“The insurance sector is one domain where a lot of human interaction is needed—not only for the fact that insurance is a push product, but also that it requires a lot of solicitation as it is a long-term commitment. Even in today’s time, almost 95% of online sales of products such as term plans, critical illness plans and Ulips (unit-linked insurance plans) is assisted by call centre executives," said Rakesh Wadhwa, chief marketing officer and executive vice-president, strategy, Future Generali India Life Insurance Co. Ltd.

Insurance penetration, which is measured as the ratio of insurance premiums paid and GDP (gross domestic product) of the country didn’t see a drastic jump in the last 17 years. According to the report, penetration increased from 2.17% in 2001 to only 3.69% in 2017. On the contrary, global penetration currently stands at 6.13%. “The overall penetration is dragged down by general insurance. Life insurance penetration is closer to the global average. Within general insurance, the SME segment in commercial insurance, and the middle income segment (excluding HNIs and low-income groups) in the personal insurance side is lowest in terms of penetration," said Abhishek Bondia, principal officer and managing director, SecureNow.in.

Life insurance is still seen as a tax-saving instrument, but it rarely makes it to the list of key financial planning tools. “To increase the penetration in the country, it is critical to achieve the objectives of financial inclusion. The need is to run programs like the mutual fund industry did to broaden its base," said Wadhwa.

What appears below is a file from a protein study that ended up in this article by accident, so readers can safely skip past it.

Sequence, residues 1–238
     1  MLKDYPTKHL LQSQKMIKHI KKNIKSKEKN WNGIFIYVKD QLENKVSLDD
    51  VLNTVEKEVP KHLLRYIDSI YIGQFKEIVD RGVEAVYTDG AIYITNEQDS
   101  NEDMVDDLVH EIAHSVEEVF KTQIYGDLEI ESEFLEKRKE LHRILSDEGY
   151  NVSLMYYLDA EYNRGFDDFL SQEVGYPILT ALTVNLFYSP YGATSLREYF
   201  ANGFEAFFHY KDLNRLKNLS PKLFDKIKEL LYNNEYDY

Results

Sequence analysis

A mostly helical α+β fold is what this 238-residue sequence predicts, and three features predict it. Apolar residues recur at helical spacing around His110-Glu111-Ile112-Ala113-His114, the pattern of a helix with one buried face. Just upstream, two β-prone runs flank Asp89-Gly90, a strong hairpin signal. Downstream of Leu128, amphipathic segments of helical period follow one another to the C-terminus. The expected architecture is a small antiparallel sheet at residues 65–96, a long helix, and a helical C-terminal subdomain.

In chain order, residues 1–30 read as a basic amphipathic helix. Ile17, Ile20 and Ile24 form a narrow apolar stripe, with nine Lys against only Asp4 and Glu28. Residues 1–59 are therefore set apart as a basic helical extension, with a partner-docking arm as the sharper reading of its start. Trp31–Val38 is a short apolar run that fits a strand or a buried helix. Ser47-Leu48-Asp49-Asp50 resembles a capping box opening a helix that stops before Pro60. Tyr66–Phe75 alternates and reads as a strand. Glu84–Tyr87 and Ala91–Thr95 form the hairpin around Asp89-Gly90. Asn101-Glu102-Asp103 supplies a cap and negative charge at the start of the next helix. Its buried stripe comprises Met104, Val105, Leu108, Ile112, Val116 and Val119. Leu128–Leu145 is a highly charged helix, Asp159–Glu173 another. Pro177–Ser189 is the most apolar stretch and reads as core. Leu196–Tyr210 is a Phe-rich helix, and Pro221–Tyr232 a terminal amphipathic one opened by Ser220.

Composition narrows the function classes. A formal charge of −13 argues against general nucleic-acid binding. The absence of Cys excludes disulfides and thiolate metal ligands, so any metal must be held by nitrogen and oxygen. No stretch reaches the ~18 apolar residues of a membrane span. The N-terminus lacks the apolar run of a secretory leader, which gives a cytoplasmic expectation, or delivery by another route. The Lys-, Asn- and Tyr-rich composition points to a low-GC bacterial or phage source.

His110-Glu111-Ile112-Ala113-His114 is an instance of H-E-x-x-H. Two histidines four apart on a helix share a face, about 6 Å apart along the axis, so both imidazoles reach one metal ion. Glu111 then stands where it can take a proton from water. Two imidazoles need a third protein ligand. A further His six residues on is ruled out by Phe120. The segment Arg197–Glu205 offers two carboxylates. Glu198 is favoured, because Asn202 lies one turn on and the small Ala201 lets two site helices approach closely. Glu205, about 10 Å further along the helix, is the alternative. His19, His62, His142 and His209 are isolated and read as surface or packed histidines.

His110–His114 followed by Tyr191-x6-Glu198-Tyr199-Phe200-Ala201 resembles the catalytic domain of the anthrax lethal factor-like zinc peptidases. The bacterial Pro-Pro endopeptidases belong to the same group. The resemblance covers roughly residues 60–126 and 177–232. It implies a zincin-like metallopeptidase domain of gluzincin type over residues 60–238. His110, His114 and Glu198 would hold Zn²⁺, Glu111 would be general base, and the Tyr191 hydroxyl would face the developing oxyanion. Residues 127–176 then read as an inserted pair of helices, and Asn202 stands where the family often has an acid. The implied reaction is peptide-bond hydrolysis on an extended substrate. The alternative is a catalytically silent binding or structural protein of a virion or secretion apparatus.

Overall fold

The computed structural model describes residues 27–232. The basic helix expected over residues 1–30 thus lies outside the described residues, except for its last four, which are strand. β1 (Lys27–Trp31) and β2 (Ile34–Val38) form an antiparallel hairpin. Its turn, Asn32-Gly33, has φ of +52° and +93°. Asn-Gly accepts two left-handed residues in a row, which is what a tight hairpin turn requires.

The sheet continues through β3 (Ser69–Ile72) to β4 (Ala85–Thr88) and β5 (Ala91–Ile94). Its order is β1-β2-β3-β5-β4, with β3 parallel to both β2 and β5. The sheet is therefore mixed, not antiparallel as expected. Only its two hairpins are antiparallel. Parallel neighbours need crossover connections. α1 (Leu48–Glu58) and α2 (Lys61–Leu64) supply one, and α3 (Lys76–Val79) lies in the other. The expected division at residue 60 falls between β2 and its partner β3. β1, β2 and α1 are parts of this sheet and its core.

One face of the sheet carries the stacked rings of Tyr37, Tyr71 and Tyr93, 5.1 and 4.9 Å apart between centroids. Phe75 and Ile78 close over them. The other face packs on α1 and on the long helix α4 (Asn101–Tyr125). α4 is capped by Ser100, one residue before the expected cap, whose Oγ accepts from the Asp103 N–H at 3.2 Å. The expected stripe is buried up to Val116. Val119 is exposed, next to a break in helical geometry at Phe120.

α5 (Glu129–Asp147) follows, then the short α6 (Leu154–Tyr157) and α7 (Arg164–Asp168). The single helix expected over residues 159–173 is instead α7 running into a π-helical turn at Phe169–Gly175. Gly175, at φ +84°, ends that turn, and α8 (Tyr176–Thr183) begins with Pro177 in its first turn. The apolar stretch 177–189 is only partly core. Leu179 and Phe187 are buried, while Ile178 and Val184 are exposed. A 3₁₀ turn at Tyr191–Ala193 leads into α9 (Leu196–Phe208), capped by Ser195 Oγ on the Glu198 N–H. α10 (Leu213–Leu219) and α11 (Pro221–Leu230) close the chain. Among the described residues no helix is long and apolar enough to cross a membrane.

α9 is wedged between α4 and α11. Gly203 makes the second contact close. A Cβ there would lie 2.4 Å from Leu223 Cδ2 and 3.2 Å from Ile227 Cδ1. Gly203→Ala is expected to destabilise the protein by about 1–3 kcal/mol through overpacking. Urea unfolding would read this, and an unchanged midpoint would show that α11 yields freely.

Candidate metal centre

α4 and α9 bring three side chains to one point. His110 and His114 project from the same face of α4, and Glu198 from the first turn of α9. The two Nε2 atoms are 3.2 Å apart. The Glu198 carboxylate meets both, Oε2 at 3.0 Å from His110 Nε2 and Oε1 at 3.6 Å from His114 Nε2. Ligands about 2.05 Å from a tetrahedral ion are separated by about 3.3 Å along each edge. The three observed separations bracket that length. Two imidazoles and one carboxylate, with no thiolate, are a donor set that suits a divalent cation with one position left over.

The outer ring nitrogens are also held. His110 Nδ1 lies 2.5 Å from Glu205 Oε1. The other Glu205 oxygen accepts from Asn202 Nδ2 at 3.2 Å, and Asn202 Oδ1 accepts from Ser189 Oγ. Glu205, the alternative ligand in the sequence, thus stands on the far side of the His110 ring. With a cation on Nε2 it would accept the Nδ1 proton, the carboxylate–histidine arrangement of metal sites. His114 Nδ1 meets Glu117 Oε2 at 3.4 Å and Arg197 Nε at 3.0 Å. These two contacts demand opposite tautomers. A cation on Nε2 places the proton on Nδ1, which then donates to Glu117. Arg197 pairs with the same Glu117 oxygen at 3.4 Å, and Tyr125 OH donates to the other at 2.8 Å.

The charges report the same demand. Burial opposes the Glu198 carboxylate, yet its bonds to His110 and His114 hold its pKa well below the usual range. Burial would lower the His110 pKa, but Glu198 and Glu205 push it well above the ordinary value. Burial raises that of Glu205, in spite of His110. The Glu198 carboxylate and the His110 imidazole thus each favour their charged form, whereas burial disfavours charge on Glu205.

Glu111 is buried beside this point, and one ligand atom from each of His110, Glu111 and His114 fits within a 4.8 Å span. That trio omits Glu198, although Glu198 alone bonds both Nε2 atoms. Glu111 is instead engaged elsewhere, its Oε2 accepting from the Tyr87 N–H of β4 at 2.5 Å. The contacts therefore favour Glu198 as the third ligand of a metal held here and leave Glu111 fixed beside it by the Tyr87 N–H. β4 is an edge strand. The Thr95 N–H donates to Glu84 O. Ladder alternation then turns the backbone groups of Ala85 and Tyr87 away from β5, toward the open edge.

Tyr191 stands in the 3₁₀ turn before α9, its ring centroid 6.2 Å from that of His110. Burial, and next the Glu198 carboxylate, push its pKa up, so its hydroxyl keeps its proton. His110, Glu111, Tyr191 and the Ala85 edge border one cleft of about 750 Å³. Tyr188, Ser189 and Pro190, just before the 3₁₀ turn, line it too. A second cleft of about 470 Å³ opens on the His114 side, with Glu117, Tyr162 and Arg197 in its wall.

Intermediaries continue to remain important to the sector but experts said there is scope for traditional channels to adopt newer ways to make the buying process simpler and faster. Bondia said the opportunity to digitise the processes is abundant even in the traditional methods of selling. “For example, once an individual identifies a particular plan with an agent, the entire buying process should be digitised. A policyholder should be able to fill the proposal forms, get assets inspected, and make payment digitally," he said.

Most insurers have apps to make the purchase and claims settlement process easier, but the adoption of these seems to be low. Though smartphone adoption in India has grown at a rate of 19.43% during the period 2015–18 and is expected to grow by 7.80% by 2022, in the case of insurance, the adoption of apps is still at a nascent stage, said the report. “An app needs to have high-frequency usage and exclusive benefits, otherwise it won’t be a good idea to push app downloads where the usage gets limited after a certain point of time," said Wadhwa.

Every insurance product comes with several inclusions and exclusions that are difficult to comprehend by most end-users. According to Bondia, the user experience across various distribution channels is not designed for unassisted sales. People who are accustomed to simple tools like WhatsApp are unable to negotiate with complex insurance apps, he added.

The report said 67% customers prefer to leverage aggregators or online platforms which enable them to make calculated and informed decisions by comparing products. “The regulatory body hasn’t given permission to insurance companies to compare products on their own platforms. Hence, independent platforms provided by web aggregators fulfil that need for comparison and help customers make their own decisions," said Wadhwa.

While the government and the insurance regulator have been taking significant steps to harness the market’s potential, a lot more needs to be done to widen the reach, said experts we spoke to. A massive awareness program talking about the benefits of life insurance is needed to build credibility among customers, said Wadhwa.

Source: LiveMint.com